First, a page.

The original peoples of what is now the United States were left in legal limbo after the passage of the 2018 Farm Bill, which made hemp cultivation again lawful. Federally recognized Native American tribes could not cultivate under state regulation, because the states have limited jurisdiction on Indian reservations. But the US Agriculture Department dragged its heels in issuing federal regs that could apply to indigenous lands.
Caught between two sovereigns and desperate for new economic opportunities, many farmers in Indian country are asserting their right to cultivate industrial hemp and THC-rich cannabis under the un-extinguished sovereignty of their own Native nations.
Part 1: Reviving Hemp in Menominee Country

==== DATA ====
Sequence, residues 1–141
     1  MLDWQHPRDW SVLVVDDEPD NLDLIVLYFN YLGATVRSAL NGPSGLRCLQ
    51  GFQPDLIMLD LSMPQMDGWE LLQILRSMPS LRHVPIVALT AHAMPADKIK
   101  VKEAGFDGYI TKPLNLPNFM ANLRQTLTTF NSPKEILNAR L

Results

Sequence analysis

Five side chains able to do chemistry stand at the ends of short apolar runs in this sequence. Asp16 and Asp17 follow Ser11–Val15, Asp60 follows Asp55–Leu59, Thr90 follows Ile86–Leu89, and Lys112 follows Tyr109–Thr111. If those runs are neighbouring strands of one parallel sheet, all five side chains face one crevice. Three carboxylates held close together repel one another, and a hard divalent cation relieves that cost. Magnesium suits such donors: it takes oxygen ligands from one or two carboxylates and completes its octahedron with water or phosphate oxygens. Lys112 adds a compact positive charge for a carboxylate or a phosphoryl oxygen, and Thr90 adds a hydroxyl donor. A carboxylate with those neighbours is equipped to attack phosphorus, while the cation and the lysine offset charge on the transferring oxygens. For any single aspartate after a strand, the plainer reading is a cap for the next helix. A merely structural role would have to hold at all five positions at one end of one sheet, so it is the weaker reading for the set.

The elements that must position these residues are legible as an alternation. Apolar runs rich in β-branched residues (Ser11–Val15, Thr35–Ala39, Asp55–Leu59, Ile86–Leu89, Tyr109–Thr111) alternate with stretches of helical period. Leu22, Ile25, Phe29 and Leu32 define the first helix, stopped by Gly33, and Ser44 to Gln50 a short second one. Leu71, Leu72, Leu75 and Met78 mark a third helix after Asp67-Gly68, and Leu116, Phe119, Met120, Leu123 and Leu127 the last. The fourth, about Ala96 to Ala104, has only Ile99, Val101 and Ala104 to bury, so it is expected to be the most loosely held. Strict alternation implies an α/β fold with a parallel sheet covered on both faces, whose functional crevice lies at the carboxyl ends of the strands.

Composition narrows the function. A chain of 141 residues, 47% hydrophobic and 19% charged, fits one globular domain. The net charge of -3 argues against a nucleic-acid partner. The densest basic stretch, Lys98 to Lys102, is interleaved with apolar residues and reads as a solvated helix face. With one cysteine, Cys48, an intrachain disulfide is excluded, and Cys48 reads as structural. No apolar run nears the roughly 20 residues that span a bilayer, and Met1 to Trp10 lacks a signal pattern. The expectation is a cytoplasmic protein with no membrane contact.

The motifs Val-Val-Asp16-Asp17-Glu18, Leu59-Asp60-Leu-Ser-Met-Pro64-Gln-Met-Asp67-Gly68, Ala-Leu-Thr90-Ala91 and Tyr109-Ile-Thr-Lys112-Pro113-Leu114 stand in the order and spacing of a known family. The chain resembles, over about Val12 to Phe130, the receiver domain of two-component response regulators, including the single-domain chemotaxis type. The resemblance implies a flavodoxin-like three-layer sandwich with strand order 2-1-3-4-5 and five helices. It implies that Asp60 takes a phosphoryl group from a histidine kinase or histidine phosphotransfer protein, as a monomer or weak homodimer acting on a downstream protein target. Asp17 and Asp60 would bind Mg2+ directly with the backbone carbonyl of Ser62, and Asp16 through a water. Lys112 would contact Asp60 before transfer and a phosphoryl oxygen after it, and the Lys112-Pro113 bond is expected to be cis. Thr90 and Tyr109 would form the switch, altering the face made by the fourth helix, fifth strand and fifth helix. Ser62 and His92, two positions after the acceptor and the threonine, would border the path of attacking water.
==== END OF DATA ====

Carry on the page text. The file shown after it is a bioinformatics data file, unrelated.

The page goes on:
Part 2: Growing a Cannabis Economy on White Earth
Part 3: Standing Up in Lakota Country
Part 4: Showdown at Navajo Nation
Bill Weinberg, a Project CBD contributing writer, is a 30-year veteran journalist in the fields of drug policy, ecology and indigenous peoples. He is a former news editor at High Times magazine, and he produces the websites CounterVortex.org and Global Ganja Report.
Hero image credit: Malcolm MacKinnon
Copyright, Project CBD. May not be reprinted without permission.
Part 1 of a 5-part series on hemp and Native American sovereignty.
Part 2 of a 5-part series on hemp and Native American sovereignty.
Part 3 of a 5-part series on hemp and Native American sovereignty.
Part 4 of a 5-part series on hemp and Native American sovereignty.
First Nation tribes in the US and Canada embrace cannabis.